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NPR - With extreme heat waves on the rise in a changing climate, doctors are finding that pregnant women are particularly vulnerable. Heat waves increase the chances of going into labor early, having a stillbirth, or having a baby with low birthweight.The risk is even greater for women of color, especially Black mothers. While women are often advised to stay hydrated during pregnancy, many are not warned by their doctors about the risks of heat.... 

We need to talk about your gas stove, your health and climate change

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NPR - Americans love their gas stoves. It's a romance fueled by a decades-old "cooking with gas" campaign from utilities. The details have changed over time, but the message is the same: Using a gas stove makes you a better cook. But the beloved gas stove has become a focal point in a fight over whether gas should even exist in the 35% of U.S. homes that cook with it. Environmental groups are focused on potential health effects.  

Then and now: Pandemic clears the air

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BBC NEWS - In a monthly feature, the BBC reveals some of the ways that planet Earth has been changing against the backdrop of the warming world. Air pollution has long been one of the biggest killers, claiming an estimated seven million victims annually. However, the Covid-19 global pandemic showed how quickly we could clear the air once we cut the number of journeys we made.   

COP26: What is the Glasgow climate conference and why is it important?

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BBC NEWS - The UK is hosting a summit that is seen as crucial if climate change is to be brought under control. The meeting in Glasgow this fall could lead to major changes to our everyday lives. The world is warming because of fossil fuel emissions caused by humans. Extreme weather events linked to climate change - including heatwaves, floods and forest fires - are intensifying.   

Sustainable grains for breaking bread — and fighting climate change

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THE WASHINGTON POST - Most commercial crops are annual. They provide only one harvest and must be replanted every year. Growing these foods on an industrial scale usually takes huge amounts of water, fertilizer and energy, making agriculture a major source of carbon and other pollutants. But Kernza – a domesticated form of wheatgrass developed by scientists at the nonprofit Land Institute – is perennial.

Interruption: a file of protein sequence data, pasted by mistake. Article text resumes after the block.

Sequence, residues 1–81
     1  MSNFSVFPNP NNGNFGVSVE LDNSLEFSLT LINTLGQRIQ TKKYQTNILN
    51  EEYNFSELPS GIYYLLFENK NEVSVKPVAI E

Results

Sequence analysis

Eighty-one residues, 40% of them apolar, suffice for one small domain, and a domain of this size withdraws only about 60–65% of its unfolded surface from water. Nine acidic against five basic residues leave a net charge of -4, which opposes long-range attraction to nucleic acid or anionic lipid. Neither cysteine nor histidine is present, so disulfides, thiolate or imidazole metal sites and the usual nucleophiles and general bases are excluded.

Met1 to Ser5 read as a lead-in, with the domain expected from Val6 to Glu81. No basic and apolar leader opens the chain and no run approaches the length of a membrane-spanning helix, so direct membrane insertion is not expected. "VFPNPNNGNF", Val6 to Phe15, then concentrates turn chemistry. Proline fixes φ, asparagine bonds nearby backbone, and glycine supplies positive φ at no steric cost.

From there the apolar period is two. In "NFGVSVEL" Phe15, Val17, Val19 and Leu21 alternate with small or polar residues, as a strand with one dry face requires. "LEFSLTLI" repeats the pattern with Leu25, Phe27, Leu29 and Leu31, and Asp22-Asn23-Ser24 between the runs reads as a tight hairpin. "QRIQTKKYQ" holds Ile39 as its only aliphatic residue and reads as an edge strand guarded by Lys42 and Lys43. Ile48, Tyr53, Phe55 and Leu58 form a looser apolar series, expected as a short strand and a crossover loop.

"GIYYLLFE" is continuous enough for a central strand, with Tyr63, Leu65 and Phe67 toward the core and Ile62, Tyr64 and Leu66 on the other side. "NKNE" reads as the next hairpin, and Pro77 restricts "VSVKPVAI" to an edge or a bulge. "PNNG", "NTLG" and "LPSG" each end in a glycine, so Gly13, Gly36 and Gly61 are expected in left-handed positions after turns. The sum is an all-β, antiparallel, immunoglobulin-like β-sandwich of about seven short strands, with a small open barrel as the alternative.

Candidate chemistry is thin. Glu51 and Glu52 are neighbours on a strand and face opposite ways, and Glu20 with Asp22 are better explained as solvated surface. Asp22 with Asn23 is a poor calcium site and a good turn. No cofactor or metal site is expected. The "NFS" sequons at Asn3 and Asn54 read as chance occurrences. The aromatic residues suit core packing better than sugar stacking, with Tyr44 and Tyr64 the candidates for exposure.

Hospitals brace for an onslaught this winter, from flu as well as COVID

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NPR - The much-feared "twindemic" of flu and COVID didn't hit last winter. But some experts fear that last year's remarkably mild flu season has now set the stage for a big rebound in the coming months, because fewer people have built up immunity. "It could be really bad, and it could be really bad at a time when there's still quite a bit of COVID-19 filling up our hospitals," says HPM and PHDL’s Mark Roberts.  

Changes in the length of the premenopausal menstrual cycle may predict the risk of heart disease

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FLORIDA NEWS TIMES - As women approach menopause, the length of the menstrual cycle often increases. The timing of these changes may provide clues about the risk of people developing heart disease, according to a new study. "Cardiovascular disease is the number one murderer of women and the risk is significantly increased after middle age, so menopause may contribute to the disease," said EPI's Samar El Khoudary, lead author.   

Does 1918 Pandemic Offer Clues on Emerging from COVID-19?

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U.S. NEWS AND WORLD REPORT - Dean Emeritus Donald Burke is an expert at using computer modeling and simulation to guide public health decision-making. He said it's important to consider the death rate and not simply the death total. "Even though the death totals are similar [for COVID-19 and the 1918 flu], the death rates — that is the rate per 100,000 people, or per-unit population — are lower now from covid than it was for influenza by about t...